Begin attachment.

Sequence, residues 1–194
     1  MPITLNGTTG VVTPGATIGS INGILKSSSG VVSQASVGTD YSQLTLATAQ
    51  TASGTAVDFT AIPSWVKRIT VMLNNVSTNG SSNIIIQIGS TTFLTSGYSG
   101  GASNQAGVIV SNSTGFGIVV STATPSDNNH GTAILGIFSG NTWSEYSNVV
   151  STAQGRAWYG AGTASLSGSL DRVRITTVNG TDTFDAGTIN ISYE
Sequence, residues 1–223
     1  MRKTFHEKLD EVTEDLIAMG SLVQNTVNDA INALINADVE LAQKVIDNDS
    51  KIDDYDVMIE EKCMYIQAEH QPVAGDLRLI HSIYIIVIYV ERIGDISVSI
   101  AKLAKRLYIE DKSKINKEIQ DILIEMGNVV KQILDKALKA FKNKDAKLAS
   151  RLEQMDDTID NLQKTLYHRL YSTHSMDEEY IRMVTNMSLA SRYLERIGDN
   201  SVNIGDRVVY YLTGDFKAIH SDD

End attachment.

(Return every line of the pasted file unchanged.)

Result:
Sequence, residues 1–194
     1  MPITLNGTTG VVTPGATIGS INGILKSSSG VVSQASVGTD YSQLTLATAQ
    51  TASGTAVDFT AIPSWVKRIT VMLNNVSTNG SSNIIIQIGS TTFLTSGYSG
   101  GASNQAGVIV SNSTGFGIVV STATPSDNNH GTAILGIFSG NTWSEYSNVV
   151  STAQGRAWYG AGTASLSGSL DRVRITTVNG TDTFDAGTIN ISYE
Sequence, residues 1–223
     1  MRKTFHEKLD EVTEDLIAMG SLVQNTVNDA INALINADVE LAQKVIDNDS
    51  KIDDYDVMIE EKCMYIQAEH QPVAGDLRLI HSIYIIVIYV ERIGDISVSI
   101  AKLAKRLYIE DKSKINKEIQ DILIEMGNVV KQILDKALKA FKNKDAKLAS
   151  RLEQMDDTID NLQKTLYHRL YSTHSMDEEY IRMVTNMSLA SRYLERIGDN
   201  SVNIGDRVVY YLTGDFKAIH SDD